California Governor Signs New Law Effectively Mandating Vaccines in Schoolchildren

Christine Rousselle
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Posted: Jun 30, 2015 9:00 PM
California Governor Signs New Law Effectively Mandating Vaccines in Schoolchildren

California Governor Jerry Brown (D) has signed into law a new bill eliminating religious and personal belief exemptions for childhood vaccinations. California is now the third state to not permit parents to submit a religious exemption from vaccinations and the 33rd state to prohibit "personal belief" exemptions. A child can now only be medically exempt from vaccinations due to reasons like allergy to a vaccine component or immune deficiency.

While the bill was passed by the California Assembly last week, it was unclear whether or not Brown would actually sign it as there was considerable public outcry against the bill.

From the Associated Press:

Brown, a Democrat, issued a signing statement just one day after lawmakers sent him the bill to strike California's personal belief exemption for immunizations, a move that requires nearly all public schoolchildren to be vaccinated. The bill takes effect next year.

"The science is clear that vaccines dramatically protect children against a number of infectious and dangerous diseases," Brown wrote. "While it's true that no medical intervention is without risk, the evidence shows that immunization powerfully benefits and protects the community."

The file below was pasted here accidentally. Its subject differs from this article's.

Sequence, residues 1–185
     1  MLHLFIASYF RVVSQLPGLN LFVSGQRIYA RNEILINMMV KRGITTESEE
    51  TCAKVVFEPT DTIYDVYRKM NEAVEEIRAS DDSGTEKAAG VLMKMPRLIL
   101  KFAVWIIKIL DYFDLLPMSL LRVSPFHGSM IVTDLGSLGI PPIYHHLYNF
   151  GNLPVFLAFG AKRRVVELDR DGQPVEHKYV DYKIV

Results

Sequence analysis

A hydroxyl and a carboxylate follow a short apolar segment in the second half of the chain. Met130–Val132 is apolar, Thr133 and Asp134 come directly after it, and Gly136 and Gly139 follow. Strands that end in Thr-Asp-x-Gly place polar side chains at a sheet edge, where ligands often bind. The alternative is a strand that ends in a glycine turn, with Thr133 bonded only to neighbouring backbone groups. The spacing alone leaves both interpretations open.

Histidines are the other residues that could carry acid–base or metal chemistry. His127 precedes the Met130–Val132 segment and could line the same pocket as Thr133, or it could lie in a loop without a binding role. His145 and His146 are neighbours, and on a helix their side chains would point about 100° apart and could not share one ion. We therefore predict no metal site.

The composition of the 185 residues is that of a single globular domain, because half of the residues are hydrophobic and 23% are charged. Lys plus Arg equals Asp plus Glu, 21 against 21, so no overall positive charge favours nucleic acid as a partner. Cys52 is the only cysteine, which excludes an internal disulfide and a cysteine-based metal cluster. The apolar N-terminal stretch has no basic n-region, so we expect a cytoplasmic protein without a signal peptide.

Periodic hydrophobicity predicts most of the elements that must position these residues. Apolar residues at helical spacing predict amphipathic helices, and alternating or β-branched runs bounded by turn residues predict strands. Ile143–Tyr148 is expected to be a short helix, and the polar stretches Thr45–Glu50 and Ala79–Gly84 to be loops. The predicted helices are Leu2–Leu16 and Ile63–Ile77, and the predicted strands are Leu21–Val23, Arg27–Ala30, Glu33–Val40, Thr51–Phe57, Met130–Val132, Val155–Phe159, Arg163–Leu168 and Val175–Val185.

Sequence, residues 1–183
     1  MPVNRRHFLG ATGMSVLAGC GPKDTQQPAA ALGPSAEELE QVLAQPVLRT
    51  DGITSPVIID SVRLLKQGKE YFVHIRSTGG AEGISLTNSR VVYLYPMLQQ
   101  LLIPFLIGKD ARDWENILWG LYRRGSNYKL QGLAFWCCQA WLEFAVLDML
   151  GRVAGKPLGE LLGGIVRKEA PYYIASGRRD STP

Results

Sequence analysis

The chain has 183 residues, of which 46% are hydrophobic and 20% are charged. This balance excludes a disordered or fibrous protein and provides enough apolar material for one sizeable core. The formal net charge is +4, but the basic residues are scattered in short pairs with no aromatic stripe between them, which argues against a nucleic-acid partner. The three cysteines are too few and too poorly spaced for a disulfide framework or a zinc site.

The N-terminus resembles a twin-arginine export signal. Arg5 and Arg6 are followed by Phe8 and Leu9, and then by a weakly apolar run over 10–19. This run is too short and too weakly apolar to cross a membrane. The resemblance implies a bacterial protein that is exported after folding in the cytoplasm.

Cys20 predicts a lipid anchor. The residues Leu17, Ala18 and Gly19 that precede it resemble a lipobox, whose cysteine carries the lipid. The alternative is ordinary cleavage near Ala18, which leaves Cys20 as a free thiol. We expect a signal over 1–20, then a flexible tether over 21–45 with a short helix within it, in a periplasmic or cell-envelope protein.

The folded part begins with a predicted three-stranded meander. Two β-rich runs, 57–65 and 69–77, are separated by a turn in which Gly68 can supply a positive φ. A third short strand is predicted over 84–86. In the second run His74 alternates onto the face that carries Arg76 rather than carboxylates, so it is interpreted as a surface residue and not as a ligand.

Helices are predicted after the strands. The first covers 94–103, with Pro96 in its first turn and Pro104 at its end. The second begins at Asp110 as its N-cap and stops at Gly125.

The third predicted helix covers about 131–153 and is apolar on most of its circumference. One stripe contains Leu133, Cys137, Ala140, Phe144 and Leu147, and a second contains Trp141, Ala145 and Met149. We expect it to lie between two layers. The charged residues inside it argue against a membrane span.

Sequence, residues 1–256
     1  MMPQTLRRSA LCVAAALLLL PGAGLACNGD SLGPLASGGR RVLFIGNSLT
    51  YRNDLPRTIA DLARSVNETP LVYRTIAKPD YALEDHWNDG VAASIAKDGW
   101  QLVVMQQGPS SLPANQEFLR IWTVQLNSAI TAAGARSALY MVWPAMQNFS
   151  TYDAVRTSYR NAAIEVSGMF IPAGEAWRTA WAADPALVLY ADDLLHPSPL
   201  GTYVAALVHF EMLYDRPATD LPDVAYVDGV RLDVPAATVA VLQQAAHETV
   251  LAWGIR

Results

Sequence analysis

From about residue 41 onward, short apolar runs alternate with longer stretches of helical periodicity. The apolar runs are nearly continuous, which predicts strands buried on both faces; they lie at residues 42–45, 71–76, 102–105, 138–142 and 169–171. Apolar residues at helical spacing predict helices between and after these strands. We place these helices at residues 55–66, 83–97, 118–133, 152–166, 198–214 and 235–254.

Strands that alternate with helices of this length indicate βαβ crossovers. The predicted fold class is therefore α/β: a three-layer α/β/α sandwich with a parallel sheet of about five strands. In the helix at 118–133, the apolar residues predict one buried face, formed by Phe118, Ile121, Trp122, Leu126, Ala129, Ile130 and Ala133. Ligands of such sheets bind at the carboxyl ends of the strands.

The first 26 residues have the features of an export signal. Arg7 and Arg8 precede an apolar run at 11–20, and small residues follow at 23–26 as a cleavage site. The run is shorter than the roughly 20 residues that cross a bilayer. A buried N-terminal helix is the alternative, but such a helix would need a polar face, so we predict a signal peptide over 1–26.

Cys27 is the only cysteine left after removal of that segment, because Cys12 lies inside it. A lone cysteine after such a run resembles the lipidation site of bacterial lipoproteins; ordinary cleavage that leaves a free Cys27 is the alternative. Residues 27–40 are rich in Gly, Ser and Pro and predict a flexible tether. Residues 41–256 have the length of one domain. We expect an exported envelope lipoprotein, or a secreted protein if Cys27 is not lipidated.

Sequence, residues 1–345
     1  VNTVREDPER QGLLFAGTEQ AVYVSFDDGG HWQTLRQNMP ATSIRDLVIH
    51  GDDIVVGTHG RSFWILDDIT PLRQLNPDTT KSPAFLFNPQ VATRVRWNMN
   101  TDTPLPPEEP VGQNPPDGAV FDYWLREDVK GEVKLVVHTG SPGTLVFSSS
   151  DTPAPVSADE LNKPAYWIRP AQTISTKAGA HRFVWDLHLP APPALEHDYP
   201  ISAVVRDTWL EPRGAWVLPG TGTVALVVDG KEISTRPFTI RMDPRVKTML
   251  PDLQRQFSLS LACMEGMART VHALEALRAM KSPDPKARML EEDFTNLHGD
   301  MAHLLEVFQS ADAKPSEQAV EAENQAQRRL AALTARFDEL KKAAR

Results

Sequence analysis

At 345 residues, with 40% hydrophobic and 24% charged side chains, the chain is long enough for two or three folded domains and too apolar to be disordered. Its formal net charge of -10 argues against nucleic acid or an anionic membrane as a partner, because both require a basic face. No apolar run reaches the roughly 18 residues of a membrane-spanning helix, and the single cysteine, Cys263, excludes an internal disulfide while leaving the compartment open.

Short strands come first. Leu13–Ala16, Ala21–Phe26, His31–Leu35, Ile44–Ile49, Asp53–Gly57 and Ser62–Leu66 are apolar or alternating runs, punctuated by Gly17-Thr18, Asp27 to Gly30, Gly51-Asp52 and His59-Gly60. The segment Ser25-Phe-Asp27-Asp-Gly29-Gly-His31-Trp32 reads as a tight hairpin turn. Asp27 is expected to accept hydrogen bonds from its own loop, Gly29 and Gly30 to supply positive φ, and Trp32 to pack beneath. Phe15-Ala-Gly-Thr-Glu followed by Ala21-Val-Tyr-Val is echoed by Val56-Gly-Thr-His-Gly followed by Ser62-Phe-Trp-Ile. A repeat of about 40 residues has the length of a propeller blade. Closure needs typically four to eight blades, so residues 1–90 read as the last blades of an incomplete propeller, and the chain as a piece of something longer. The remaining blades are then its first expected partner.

California joins Mississippi and West Virginia as the only states with such strict requirements.

Democratic Sens. Richard Pan of Sacramento and Ben Allen of Santa Monica introduced the measure after the outbreak at the theme park in December infected over 100 people in the U.S. and Mexico.

The bill likely would be successful in increasing immunization rates and stopping the spread of disease, pediatric doctors said Monday after the state Senate sent the legislation to the governor.

Children who are not vaccinated in California will have to be homeschooled due to this new law. Many doctors are refusing to take on patients who are not vaccinated due to the considerable risk of illness transmission to medically fragile patients in their waiting rooms.

An outbreak of measles traced back to Disneyland re-ignited the vaccine debate in California. A majority of those stricken with measles were either unvaccinated by choice or were too young to be vaccinated.